Bloody Excrement

[10.03.99] » by H.L.

    The cold morning brushed his face as he looked over the castle's tall walls, marveling at their size and strength. If it wasn't for my grandfather's defecting during the war, I myself would be living in such a place. And now I am nothing.
     Delita and Ramza were walking at his side, speaking with low voices. They seemed to have a friendship, an understanding he couldn't quite grasp, and it somehow irritated him. How can Ramza, son of a nobleman, be at such easy terms with this commoner? Commoners are nothing. From the very beginning he felt he'll dislike Delita. With his cool, disdainful air. Who does he think he is? Treating me, the son of a Nobleman, as an equal.
     At his side, Ramza's voice suddenly spoke. "Look Delita, here's Zalbag and Alma, and Teta too! I told you they'll be in the castle today!"
     Algus raised his eyes. Down the narrow, winding road paved with dark stones he could see three figure walking toward them. A grave-looking knight, that he guessed would be Ramza's brother, followed by two young girls. One of them, clad in a grey and purple dress, her white face framed by dark brown hair, hurried towards them. She paused when she saw the stranger, peering at the trio of young men with a hesitating, slightly shy air.
     "Teta," Delita said, advancing toward her. She embraced him, and Alma and Zalbag hurried towards Ramza, greeting him likewise. Ramza turned and introduced Algus, then Delita looked over his shoulder at them. "This is Algus, Teta," he said, gesturing politely towards him. "Algus, this is my sister, Teta."
     Algus bent his head slightly in silent greeting, seething inside. Look at Delita, acting as if this was an afterthought. Damn him.
     Teta returned the gesture but retreated to Delita's side, examining the stranger silently. Algus turned his head away. Why do you think I'd care about even acknowledging your sister, Delita. You commoner bastard.

     Algus stood on the castle's balcony, grasping the heavy crossbow in his hands tightly. He had been practicing all morning, but somehow he couldn't quite get as good as he wished to. He missed the target almost every single time. I need to practice this damned thing, to be of some use. They treat me like I was nothing but a wretched cadet. I'll rescue the Marquis, and then I'll get the respect I ought to get. I'm a son of a nobleman, damn it all. He gritted his teeth. I am as good as you all. I am better.
     A voice behind him roused him from his thoughts. "What are you doing?"
     He turned around, and perceived the young girl walking to his side. She peered at the crossbow at his hand. "Oh, you're practicing?" she asked.
     Not her again. Without looking at her he replied, "Yes."
     After a pause, she said, "You are-- Algus. Right?"
     "Yes," he replied, flatly. "And you're the sister of..." that bastard Delita.
     "Delita." She was silent a moment, and he felt something rising in him-- a disquietude that was irksome. Angrily, he raised the crossbow again, looking for a target-- any target. Drat, why am I so lousy with this accursed machine?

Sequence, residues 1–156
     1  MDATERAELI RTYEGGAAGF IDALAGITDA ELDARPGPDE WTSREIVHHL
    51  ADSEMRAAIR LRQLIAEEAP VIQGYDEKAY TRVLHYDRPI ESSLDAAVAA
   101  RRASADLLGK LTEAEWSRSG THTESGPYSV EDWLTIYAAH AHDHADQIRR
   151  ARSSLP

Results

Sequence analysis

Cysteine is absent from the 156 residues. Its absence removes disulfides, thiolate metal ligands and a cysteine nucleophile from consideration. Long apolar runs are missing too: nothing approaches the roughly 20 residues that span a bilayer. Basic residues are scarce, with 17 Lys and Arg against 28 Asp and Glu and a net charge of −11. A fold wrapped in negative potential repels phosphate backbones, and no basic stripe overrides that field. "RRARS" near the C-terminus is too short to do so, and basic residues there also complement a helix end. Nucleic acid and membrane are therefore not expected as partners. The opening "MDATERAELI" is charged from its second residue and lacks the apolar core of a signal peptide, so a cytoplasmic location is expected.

Since she was continuously silent, he felt obliged to pursue the conversation. "Your name, I don't seem to recall it--"
     She finally answered. "My name is--"
     I already know, damn you. Teta.
     Algus was silent again, looking up. You little commoner girl, with your fine grey dress and your pretty white face, living here in this rich castle while I have to kill for my living, never getting the respect that I ought to get...
     Teta's voice distracted his thoughts. "Look!" She turned her face up, and Algus looked in the direction of her pointing finger. There was a small bird sitting on the castle parapet, flapping its wings in a pitiable manner.
     "It must have been injured," Teta said, her voice full of pity. "Poor little thing, it's trapped. It can't even fly..."
     Algus didn't reply. Something rose to his mind at once. This bird-- it made-- such a perfect target.
     He directed the crossbow, concentrated, then let the arrow fly. After a moment the little grey form flapped its wings weakly then plunged down to the snow below, the arrow in its breast. Algus stepped back, a dark glitter of satisfaction in his eye. "A perfect shot," he muttered to himself.
     Besides him, he heard Teta gasp. Then she spoke, her voice shaking. "What-- why-- why did you do that?"
     Algus ignored her. Teta ran and leant over the edge of the balcony. Then, she turned around and looked into his face. "This was a harmless creature, Algus! Why did you kill it?"
     After a pause, Algus spoke, his voice cold. "Don't presume to tell me what to do."
     She looked at him steadily, and he returned her gaze darkly; then, he turned his back to her again, his mind seething with sudden fury. Who do you think you are anyway, to lecture me?
     Teta, sensing his hostility now, fell back a little. She seemed to want to leave, but, knowing that justice was on her side and refusing to submit to her sudden apprehension of him, she persisted. "That-- that was not right! You shouldn't have killed this bird just because-- you needed practice! Practicing your craft on a living, harmless, helpless creature!"
     "I will do whatever I want," Algus replied acidly. His irritation and hostility grew. He wished she would shut up. You and your annoying, accusing little voice--
      "No you won't!" Teta replied. Now her voice took on a hotter quality. "No you won't, Algus!"
     Algus spun around, gazing at her darkly. "Yes I will," he replied. "I will do ANYTHING I want, because I don't owe anyone anything. To achieve my own ends I feel free to choose any target. Any target." Suddenly, he knew how to shut her up. Without a change of expression, he raised the crossbow calmly toward her. "Even you make such a perfect target, Teta."
     Her face turned very white, and for a moment Algus wondered if he went too far. Damn. If she squeals on me I'm done for it--
     Teta raised her hands to her mouth. Her lips opened for a moment, as if she sought to say something; but then, she turned around and ran out of the balcony. Algus lowered the bow, gritting his teeth with rage.